Where to Fish was one of the first fishing books I ever consulted. It was in the reference section of the local library in Harold Hill, unavailable to take home, even with an adults ticket and I was just a kid anyway. I would sit on the chair swinging my feet, still well clear of the floor, and flick through it. I would marvel at the exotic locations and fish mentioned; grayling , salmon, the Hampshire Avon and the river Wye and wonder at the Victorian language used – and also wonder why there was no mention of Redmire Pool or of my local river Roding. I don’t think that copy was ever updated and it was a tiny bit tattered after five or six years of kids like Fred Bonney, Cliff Hatton and me rummaging through it every week. (We discovered we shared the same library as kids together just last year. Small world eh?)

Well, flash forward fifty years and the book really hasn’t changed that much! The contents anyway. An overload of information, about destinations that no longer seem quite so exotic. Information that is vital and tantalising – there’s rarely enough about each venue but there is (usually) just enough to suffice and whet the appetite. The modern version has email addresses and website links ready to click for even more info as well as the traditional address’s of the ‘Hon Sec.’ and their telephone numbers.

Content is King with any product like this and this app has a LOT of content. It doesn’t list everywhere and, to me, there are some glaring omissions. (There’s still no mention of Redmire!) Infuriatingly, some very important venues are glossed over with hardly a mention whilst other puddles and drains get rather more attention than they deserve. The information is laid out in a typical Victorian self-important but rather useless manner, in ‘water catchment areas’. This makes navigating through the data a bit haphazard but strangely actually adds a bit to the charm. You keep going off at tangents… try to read about the Thames and get thrown sideways to Darenth and Epsom before reverting to Teddington and Windsor. And it’s all still enchanting somehow…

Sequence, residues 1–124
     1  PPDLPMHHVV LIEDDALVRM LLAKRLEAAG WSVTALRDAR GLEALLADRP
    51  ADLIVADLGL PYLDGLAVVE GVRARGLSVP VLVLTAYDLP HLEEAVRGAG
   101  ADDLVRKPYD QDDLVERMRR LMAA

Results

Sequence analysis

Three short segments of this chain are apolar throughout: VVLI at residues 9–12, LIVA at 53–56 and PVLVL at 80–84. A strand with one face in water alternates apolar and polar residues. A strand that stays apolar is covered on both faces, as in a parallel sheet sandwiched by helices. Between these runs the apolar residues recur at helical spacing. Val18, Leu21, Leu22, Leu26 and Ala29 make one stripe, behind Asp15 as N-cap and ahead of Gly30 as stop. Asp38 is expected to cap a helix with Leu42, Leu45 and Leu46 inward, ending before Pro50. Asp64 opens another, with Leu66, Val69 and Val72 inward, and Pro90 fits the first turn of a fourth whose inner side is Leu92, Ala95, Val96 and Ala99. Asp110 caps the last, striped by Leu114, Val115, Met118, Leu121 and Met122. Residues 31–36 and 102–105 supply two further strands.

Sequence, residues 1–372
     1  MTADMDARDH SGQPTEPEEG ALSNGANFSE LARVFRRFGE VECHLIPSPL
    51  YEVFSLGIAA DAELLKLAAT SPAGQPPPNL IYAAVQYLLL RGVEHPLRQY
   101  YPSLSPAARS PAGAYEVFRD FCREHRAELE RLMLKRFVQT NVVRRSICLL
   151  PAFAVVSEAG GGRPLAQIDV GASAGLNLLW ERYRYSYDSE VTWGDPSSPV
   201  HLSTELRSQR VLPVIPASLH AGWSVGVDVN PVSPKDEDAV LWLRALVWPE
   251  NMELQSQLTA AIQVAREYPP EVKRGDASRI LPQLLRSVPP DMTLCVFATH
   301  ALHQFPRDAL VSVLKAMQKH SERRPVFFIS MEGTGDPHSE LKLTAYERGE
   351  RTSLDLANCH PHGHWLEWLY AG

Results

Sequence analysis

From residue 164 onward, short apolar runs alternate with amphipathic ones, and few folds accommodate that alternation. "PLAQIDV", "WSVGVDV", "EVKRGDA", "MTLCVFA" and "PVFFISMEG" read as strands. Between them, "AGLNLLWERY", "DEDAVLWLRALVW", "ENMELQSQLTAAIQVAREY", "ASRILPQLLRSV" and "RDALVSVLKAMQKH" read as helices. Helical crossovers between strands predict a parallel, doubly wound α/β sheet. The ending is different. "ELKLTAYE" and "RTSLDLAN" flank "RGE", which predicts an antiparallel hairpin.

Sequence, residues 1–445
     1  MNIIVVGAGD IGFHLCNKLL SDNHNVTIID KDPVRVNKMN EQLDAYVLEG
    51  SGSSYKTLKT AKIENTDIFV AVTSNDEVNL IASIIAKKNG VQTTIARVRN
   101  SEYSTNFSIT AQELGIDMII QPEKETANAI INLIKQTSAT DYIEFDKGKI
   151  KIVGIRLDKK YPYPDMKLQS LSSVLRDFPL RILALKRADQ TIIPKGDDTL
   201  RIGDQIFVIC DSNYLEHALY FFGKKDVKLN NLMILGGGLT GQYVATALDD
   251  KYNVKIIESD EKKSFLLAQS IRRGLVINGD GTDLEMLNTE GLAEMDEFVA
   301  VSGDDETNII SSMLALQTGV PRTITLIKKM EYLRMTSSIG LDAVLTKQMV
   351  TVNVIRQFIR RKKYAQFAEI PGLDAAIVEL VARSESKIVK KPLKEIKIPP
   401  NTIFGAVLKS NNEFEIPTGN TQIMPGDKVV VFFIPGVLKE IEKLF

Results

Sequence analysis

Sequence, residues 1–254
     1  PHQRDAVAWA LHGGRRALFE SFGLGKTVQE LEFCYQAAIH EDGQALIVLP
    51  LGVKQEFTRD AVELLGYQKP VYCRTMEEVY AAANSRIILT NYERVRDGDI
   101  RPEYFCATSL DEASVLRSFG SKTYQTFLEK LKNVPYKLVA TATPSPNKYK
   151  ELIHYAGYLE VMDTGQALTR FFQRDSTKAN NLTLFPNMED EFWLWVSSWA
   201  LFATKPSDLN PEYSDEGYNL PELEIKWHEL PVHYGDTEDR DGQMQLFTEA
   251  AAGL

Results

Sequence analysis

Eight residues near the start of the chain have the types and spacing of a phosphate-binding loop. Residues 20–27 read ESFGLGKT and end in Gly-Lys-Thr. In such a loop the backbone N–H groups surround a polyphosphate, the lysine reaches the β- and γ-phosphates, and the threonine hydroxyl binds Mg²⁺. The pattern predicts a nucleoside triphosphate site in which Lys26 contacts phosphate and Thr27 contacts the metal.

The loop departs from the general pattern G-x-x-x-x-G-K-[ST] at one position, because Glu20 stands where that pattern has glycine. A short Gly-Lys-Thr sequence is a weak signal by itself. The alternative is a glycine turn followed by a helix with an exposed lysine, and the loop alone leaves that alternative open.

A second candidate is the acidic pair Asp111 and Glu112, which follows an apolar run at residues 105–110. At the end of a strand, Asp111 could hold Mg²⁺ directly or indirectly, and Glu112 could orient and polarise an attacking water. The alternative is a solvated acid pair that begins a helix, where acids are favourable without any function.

Digressing is what I’m doing here and that’s what the book does to you and what it is all about. It’s very hard to read up on one venue without getting sidetracked to read about another.

As an e-book it works well enough. I downloaded it – and its Kindle reader app – onto my iphone without too much hassle; this despite discovering my credit card which was registered with Amazon had expired so forcing more side-tracking. Never mind. I hit a bunch of buttons and it all worked out okay and even after the ‘oh no’ card panic had set in, within a few minutes I was flicking through the book and calm was restored.

The Kindle reader options are easy to navigate and I didn’t find many problems using it – which means it’s basically idiot-proof, until they find a better idiot.

As far as I am aware this is the only book of its type available for download to the iphone. That, and the vast amount of info contained – there are 7,000 entries! – make it well worth the seven quid it cost me, which these days is about the price of a half decent fish ‘n chips supper.

That said, it could easily be improved. I would like to see future editions of this book with it’s own built-in app (rather than as a Kindle book) which can search by GPS co-ords, use maps and satellite imagery, find fishing ‘near me’ and so forth. Until then, this will do.

This is the first edition of Where to Fish since leading online fishing publisher Fish&Fly took over the title. They told me that while improvements in the original hard copy book have already been made, there are lots more planned which are in the pipeline.
Editor Colin Bradshaw told me “The Kindle and PDF versions have hundreds of built-in active web links so in future this book will be used in conjunction with online databases, iapps and website atlases and a booking engine – We’ll take this into the modern world!”.

Wow. Looks like my wishes are coming true then!

There. I bought myself a present. Probably the most useful one I’ll get this year other than a new pair of slippers. Hurrumph! Bah humbug and Merry Xmas!

Geoff Maynard